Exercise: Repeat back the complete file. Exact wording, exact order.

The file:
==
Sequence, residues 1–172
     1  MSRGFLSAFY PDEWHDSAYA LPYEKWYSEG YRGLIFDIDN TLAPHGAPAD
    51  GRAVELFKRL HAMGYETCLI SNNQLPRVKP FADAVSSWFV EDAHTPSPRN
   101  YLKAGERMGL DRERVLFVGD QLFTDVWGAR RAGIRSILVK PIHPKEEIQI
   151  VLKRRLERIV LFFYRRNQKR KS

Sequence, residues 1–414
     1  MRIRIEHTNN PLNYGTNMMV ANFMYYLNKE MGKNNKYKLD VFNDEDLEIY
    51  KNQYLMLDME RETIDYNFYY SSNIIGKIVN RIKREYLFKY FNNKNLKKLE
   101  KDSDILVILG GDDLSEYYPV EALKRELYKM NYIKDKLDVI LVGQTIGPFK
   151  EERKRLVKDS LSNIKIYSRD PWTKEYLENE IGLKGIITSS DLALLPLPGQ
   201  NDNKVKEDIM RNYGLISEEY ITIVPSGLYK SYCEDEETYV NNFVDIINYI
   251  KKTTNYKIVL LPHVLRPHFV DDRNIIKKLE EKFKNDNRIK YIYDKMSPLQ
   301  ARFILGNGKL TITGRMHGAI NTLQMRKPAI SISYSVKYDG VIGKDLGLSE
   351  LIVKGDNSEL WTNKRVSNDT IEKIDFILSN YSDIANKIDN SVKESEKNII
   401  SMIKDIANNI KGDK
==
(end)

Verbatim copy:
Sequence, residues 1–172
     1  MSRGFLSAFY PDEWHDSAYA LPYEKWYSEG YRGLIFDIDN TLAPHGAPAD
    51  GRAVELFKRL HAMGYETCLI SNNQLPRVKP FADAVSSWFV EDAHTPSPRN
   101  YLKAGERMGL DRERVLFVGD QLFTDVWGAR RAGIRSILVK PIHPKEEIQI
   151  VLKRRLERIV LFFYRRNQKR KS

Sequence, residues 1–414
     1  MRIRIEHTNN PLNYGTNMMV ANFMYYLNKE MGKNNKYKLD VFNDEDLEIY
    51  KNQYLMLDME RETIDYNFYY SSNIIGKIVN RIKREYLFKY FNNKNLKKLE
   101  KDSDILVILG GDDLSEYYPV EALKRELYKM NYIKDKLDVI LVGQTIGPFK
   151  EERKRLVKDS LSNIKIYSRD PWTKEYLENE IGLKGIITSS DLALLPLPGQ
   201  NDNKVKEDIM RNYGLISEEY ITIVPSGLYK SYCEDEETYV NNFVDIINYI
   251  KKTTNYKIVL LPHVLRPHFV DDRNIIKKLE EKFKNDNRIK YIYDKMSPLQ
   301  ARFILGNGKL TITGRMHGAI NTLQMRKPAI SISYSVKYDG VIGKDLGLSE
   351  LIVKGDNSEL WTNKRVSNDT IEKIDFILSN YSDIANKIDN SVKESEKNII
   401  SMIKDIANNI KGDK